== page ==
Texas Rangers second baseman Julio Franco complained of chest pains before last night's game against the California Angels, but a doctor diagnosed the problem as a caffeine attack, club officials said.Franco, an All-Star reserve, was taken to an Arlington clinic, where team doctor Mike Mycoskie performed chest X-rays and an electrocardiogram. Mycoskie diagnosed the problem as too much caffeine, and Franco was cleared to play. He went 1-for-3.* YANKEES: Farmhand Kevin Mmahat pitched a no-hitter, as the Class AAA Columbus Clippers beat the host Louisville Redbirds, 6-0.Mmahat, a 26-year-old left-hander who underwent rotator cuff surgery during the off-season, struck out nine and walked three to even his record at 3-3.* METS: The club has offered an unprecedented $20 million over 20 years to help with the financing for a new stadium in Norfolk, Va., for the Class AAA Tidewater Tides.
FEATURES
By CHICAGO TRIBUNE | October 14, 1996
Though a depressant, booze can sometimes make you peppy. And caffeine, that elixir of pep, has no power without the brain's help.Those are just a couple of the myth-busters in "Buzz: The Science and Lore of Alcohol and Caffeine," a new book by science journalist Stephen Braun.Some examples: Women get drunk faster than men not because they are smaller or have different body fat composition but because alcohol-destroying enzymes found in the human stomach lining work better in men than in women.
NEWS
February 27, 2014
In response to your recent editorial about the health risks associated with pesticides, I offer the following factual information and thoughts ( "Understanding pesticide risks," Feb. 19): It is time to stop spreading a message of fear and instead take a leadership role in educating the public on the safe and effective use of pesticides. The supporters of legislation requiring more stringent monitoring and reporting of pesticide use are scared because they believe that pesticides are dangerous.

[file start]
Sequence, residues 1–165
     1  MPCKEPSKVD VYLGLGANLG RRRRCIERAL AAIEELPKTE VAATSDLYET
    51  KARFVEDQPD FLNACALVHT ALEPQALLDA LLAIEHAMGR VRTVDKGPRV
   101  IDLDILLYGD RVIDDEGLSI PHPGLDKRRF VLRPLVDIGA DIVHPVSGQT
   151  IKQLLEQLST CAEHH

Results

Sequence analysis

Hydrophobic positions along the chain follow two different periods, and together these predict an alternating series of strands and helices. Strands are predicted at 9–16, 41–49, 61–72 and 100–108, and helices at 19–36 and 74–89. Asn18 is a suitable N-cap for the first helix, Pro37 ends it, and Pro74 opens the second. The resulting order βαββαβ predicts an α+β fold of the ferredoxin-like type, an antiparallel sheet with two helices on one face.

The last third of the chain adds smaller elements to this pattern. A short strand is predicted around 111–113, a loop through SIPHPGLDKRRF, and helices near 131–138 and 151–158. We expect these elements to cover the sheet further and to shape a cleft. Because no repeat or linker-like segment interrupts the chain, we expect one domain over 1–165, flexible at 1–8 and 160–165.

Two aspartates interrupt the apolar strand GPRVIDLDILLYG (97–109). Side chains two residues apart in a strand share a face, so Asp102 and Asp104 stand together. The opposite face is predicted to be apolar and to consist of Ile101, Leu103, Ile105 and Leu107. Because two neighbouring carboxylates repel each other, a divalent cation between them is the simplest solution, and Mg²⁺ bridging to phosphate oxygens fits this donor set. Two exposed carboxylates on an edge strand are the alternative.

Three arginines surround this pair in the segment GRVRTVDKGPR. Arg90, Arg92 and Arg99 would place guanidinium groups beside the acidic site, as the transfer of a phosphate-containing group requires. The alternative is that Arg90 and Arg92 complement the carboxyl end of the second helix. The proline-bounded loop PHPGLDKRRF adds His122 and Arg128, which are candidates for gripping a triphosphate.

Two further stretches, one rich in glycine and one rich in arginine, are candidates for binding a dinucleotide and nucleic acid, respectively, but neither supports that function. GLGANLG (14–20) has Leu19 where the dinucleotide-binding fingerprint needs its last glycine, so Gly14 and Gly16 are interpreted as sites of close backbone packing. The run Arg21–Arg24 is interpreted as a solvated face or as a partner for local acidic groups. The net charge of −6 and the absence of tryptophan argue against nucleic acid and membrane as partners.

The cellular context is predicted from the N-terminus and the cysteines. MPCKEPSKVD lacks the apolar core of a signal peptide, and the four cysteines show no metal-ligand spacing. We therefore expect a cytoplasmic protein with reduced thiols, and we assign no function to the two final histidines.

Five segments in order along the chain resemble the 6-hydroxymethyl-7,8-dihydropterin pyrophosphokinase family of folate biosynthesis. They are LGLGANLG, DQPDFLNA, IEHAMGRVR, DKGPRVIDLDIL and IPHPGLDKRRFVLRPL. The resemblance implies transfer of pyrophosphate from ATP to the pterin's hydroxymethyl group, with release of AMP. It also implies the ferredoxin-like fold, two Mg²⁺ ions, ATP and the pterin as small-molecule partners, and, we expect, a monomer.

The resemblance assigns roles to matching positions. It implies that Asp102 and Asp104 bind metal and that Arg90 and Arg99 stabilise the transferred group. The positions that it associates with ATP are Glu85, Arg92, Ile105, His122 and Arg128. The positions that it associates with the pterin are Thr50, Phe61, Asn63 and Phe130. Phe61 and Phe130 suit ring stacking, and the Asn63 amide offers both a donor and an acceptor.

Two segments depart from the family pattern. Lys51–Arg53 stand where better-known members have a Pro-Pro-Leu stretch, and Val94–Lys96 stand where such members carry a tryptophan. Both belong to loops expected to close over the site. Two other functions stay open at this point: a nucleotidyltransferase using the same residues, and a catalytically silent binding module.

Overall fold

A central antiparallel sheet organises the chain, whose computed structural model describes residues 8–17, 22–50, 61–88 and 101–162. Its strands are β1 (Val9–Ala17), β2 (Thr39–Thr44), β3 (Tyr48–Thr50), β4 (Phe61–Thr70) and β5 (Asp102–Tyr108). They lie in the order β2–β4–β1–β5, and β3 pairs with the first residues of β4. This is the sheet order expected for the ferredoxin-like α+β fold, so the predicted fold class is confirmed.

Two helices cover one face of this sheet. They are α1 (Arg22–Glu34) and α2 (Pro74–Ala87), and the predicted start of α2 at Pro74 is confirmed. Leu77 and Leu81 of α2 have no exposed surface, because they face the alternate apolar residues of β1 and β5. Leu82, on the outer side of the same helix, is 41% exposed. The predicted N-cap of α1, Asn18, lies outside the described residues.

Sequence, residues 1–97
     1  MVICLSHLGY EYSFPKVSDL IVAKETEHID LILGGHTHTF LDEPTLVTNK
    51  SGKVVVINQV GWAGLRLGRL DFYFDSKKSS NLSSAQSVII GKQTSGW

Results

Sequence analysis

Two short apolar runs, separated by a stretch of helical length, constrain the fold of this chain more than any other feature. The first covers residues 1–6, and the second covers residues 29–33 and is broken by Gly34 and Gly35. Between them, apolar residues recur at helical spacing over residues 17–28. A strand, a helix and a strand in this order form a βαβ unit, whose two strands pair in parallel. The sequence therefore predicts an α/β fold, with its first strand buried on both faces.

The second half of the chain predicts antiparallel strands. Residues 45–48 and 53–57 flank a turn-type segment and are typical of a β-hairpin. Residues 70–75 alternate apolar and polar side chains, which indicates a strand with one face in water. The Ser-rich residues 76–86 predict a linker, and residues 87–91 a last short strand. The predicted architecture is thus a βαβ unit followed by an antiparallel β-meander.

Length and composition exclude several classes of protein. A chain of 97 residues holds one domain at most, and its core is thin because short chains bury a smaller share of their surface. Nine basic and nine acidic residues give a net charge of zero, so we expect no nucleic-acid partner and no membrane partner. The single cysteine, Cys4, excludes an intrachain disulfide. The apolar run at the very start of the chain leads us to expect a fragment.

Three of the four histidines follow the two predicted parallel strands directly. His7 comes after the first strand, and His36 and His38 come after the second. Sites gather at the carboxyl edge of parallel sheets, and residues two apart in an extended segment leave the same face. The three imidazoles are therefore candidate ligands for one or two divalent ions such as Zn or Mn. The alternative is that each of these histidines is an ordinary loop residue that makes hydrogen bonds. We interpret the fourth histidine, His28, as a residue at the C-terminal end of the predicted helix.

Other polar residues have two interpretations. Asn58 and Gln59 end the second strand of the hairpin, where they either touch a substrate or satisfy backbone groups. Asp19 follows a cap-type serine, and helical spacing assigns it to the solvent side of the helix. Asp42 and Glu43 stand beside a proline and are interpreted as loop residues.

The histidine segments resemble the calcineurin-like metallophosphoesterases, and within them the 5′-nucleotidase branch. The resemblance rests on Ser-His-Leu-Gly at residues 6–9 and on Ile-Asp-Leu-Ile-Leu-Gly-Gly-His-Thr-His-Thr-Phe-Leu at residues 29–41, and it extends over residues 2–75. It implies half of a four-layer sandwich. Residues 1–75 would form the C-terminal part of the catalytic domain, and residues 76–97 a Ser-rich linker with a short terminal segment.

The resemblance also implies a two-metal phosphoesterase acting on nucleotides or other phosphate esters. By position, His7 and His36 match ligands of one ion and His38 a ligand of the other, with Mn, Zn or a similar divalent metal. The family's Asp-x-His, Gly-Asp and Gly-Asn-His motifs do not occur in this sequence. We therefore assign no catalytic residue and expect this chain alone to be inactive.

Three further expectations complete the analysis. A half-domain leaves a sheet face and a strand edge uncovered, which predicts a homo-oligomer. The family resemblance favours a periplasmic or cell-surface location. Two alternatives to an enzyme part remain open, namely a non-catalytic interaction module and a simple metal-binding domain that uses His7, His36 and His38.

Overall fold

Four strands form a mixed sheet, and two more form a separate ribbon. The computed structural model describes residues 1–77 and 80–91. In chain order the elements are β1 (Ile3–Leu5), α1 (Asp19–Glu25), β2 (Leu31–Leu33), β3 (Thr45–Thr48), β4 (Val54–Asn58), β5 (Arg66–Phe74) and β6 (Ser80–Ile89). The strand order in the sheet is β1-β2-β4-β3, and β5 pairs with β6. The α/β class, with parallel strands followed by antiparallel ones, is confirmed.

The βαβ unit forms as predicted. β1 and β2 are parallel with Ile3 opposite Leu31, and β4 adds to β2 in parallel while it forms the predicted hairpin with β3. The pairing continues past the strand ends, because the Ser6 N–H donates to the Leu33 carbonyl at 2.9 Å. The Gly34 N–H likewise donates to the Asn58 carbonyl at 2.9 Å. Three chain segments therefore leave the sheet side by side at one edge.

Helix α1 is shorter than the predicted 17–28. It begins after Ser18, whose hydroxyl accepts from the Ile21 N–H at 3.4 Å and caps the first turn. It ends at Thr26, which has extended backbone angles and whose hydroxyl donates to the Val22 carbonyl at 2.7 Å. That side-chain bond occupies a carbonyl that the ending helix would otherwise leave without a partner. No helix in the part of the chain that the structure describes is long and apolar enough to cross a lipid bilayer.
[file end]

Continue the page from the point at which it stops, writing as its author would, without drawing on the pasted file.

HEALTH
By Meredith Cohn | January 15, 2014
Caffeine from coffee, tea, soda or even tablet, has the beneficial effect of enhancing memory, according to a new study led by a former Johns Hopkins University researcher. More research needs to be done, but the findings could be used to help understand how long-term memory works and have an impact on cognitive decline, the researchers said. The researchers said it's long been known that caffeine has a cognitive effect, but they found that it has a particular effect on strengthening memories and making them resistant to forgetting.
NEWS
By Luke Broadwater, The Baltimore Sun | September 22, 2013